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British Journal of Nutrition (2007), 98, 583–592 q The Authors 2007

doi: 10.1017/S0007114507727435

Identification of foods contributing to the dietary lipid profile of a Mediterranean population Isabel Bondia-Pons1, Lluı´s Serra-Majem2, Ana I. Castellote1 and M. Carmen Lo´pez-Sabater1* 1

Dept. of Food and Nutritional Science, Reference Centre in Food Technology, Faculty of Pharmacy, University of Barcelona, Av. Joan XXIII, s/n E-08028 Barcelona, Spain 2 Dept. of Clinical Sciences, Center for Health Sciences, University of Las Palmas de Gran Canaria, PO Box 550, Las Palmas de Gran Canaria, E-35080 Las Palmas, Spain (Received 3 August 2006 – Revised 22 February 2007 – Accepted 22 February 2007)

The identification of the target foods that most affect the fat content of a diet, independently whether or not they contain fat, can be a useful tool in the process of drawing up more effective dietary guidelines with nutritional education strategies more directed at the needs of each population. With this purpose, the contribution analysis designed by Block and colleagues and multiple linear regression models were applied to a representative sample of Catalonia. Olive oil was the food that provided the highest absolute and relative percentage of fat-derived energy intake and cheese the food that provided the highest percentage of saturated fat-derived energy intake. According to the results of the present work, during the last 10 years the consumption of fruits and vegetables in Catalonia has increased, more in women than men. The intake of white fish is significantly higher than the intake of blue fish, which should be increased in both men and women, and red meat is still the first meat source in this population. Special attention should be paid to the increasing sweet cereal consumption, which is a source of invisible fat to the diet. Dietary lipid profile: Target foods: Plasma fatty acids

Obesity, hypertension, diabetes mellitus, dyslipidaemia and insulin resistance are increasing in frequency and becoming major causes of CVD1. The excess intake of energy and a sedentary lifestyle are major causes of these morbid conditions. Excess of SFA1 and a relative deficiency in unsaturated fatty acids, especially n-3 PUFA, have been identified as contributing factors2. Total fat and SFA have been considered as common nutritional targets in public health3. Present nutritional goals aim to limit the consumption of total fat to 30 % of the daily energy intake – in the case of Mediterranean countries such as Spain, characterized by a large consumption of olive oil, a maximum of 35 % energy intake has been accepted4 – and the consumption of SFA to less than 10 %5. Both nutrients, total fat and SFA, can be considered a useful tool to identify potential target foods in the diet of different populations in order to describe consumption patterns and future food-based dietary guidelines. Therefore, the aim of the present work was to identify those food groups that had the greatest effect on the variation in the percentage of energy intake and contributed most to absolute intake supplied by total and saturated lipids in the consumption of a representative sample of the Mediterranean Catalan population.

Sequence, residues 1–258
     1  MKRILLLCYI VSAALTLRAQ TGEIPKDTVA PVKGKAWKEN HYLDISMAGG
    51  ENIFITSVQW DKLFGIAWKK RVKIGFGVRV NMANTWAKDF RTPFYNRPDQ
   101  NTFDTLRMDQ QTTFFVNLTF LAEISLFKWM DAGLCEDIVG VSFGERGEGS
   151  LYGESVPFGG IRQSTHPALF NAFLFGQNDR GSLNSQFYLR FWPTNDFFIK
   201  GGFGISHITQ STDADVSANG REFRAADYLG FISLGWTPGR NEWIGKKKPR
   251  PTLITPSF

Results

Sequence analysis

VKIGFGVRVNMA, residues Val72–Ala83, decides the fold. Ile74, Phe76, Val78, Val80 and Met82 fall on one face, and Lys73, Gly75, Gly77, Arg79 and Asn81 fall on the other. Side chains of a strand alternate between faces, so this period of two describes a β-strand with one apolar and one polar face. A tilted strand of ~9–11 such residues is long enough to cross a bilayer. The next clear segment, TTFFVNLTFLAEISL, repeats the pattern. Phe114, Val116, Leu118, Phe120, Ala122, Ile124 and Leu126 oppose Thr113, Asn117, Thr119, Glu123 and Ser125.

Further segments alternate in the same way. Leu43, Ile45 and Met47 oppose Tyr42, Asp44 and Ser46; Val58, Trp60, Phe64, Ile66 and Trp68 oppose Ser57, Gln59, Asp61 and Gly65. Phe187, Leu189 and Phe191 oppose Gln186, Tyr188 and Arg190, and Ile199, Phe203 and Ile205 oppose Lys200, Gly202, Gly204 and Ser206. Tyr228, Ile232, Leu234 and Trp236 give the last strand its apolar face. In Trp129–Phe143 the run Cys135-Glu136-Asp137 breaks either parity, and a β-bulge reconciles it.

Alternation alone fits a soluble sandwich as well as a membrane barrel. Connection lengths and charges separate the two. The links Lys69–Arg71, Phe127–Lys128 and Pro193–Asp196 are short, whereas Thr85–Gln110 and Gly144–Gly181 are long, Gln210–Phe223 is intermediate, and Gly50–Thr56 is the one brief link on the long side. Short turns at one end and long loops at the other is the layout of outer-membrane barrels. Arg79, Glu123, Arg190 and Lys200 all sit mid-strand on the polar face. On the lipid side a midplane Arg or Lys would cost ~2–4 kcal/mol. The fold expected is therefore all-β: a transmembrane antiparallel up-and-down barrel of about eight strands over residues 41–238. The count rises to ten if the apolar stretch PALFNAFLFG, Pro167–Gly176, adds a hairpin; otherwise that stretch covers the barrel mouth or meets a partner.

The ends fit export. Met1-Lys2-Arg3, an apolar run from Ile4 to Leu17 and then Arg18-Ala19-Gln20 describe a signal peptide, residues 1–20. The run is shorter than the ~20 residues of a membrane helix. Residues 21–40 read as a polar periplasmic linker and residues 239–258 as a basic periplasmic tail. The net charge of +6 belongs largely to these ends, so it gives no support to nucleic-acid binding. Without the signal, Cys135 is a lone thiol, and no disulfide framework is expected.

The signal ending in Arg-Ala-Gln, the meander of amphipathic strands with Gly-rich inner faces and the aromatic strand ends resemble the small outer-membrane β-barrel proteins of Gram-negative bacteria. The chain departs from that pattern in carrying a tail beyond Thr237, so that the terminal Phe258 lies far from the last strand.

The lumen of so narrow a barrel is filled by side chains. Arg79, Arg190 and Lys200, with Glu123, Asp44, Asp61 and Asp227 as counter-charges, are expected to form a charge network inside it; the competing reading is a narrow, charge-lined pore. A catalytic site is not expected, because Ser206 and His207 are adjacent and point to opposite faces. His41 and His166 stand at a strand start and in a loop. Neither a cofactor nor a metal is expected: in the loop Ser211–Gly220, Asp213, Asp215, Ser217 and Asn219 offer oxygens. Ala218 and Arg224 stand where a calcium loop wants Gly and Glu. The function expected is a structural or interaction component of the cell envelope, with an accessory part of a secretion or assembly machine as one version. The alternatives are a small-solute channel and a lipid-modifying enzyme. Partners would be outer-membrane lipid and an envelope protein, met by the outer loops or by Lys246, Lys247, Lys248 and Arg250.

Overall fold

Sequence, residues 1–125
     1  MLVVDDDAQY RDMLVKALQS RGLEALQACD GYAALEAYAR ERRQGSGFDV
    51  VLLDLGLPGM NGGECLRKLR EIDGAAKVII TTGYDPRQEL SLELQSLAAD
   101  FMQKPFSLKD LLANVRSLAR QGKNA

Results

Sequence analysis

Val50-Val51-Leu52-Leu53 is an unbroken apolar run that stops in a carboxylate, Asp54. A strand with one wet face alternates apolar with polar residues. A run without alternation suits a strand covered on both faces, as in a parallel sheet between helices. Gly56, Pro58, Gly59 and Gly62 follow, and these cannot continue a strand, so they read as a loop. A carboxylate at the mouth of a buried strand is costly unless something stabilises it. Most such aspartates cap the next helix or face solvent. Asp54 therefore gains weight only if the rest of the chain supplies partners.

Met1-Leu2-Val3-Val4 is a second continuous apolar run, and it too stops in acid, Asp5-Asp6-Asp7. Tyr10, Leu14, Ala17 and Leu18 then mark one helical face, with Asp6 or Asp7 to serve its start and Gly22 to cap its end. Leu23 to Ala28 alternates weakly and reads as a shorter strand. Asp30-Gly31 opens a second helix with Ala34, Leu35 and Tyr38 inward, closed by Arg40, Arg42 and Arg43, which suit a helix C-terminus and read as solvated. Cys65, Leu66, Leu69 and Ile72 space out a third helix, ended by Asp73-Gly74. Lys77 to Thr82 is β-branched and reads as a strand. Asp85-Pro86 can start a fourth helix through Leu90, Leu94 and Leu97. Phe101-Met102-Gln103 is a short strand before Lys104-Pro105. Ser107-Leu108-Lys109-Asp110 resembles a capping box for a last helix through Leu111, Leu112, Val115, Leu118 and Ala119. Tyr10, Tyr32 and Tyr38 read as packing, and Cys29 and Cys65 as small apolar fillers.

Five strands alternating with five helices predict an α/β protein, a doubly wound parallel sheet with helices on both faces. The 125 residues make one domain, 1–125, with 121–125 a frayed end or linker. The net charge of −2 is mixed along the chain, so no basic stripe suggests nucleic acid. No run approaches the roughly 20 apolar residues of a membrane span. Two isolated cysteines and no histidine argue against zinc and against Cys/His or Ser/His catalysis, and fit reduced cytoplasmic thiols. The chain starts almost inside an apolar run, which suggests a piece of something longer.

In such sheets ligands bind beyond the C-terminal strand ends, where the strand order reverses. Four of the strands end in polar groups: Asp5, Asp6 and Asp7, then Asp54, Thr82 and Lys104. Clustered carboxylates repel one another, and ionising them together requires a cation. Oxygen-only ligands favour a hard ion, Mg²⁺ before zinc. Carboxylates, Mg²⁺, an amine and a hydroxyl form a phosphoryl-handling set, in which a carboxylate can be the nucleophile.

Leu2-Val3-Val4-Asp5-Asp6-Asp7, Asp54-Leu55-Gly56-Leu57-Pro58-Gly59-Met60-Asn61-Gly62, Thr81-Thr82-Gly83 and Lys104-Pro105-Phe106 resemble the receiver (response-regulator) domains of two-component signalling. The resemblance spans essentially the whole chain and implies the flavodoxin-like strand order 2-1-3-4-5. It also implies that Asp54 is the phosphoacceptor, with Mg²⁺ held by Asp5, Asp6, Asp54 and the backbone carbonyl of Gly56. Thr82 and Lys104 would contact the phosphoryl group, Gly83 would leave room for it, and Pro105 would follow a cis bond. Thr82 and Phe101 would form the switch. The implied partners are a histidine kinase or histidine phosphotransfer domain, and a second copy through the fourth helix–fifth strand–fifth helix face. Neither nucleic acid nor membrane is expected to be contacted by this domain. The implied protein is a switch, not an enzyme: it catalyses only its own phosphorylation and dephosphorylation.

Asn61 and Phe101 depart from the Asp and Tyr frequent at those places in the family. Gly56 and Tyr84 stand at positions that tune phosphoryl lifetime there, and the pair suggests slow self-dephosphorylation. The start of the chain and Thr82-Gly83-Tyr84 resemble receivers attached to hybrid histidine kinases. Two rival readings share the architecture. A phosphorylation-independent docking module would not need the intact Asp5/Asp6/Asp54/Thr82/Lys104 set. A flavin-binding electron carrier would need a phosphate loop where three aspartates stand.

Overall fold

Subjects and methods Subjects The subjects were a subgroup of a larger sample (1600 subjects) randomly recruited in Catalonia, a Mediterranean region in north-east Spain, for a cross-sectional nutritional survey6. The primary objective of the survey was to collect relevant information on the dietary habits of the Catalan population and assess their food consumption patterns. The sampling technique included stratification according to geographical area and municipality size, age and gender of inhabitants. The participation rate (65 %) in the present study can be regarded as representative of the adult population in Catalonia. A total of 550 participants agreed to have blood drawn and underwent physiological and anthropometric measurements in a clinical session after informed consent. There were no significant differences between the dietary intake of the subjects who did not complete the clinical assessment and those who did complete it (data not shown). From the former group, seventeen people under-reported their energy intake and were therefore not included for food consumption analysis. In the absence of direct measurement of BMR, estimates of BMR were calculated from standard equations for Europeans based on weight, height, age and gender7. Each identification

Abbreviations: SP, standard portion; VPA, vigorous physical activity. * Corresponding author: M. Carmen Lo´pez-Sabater, fax þ 34-93 403 59 31, email [email protected]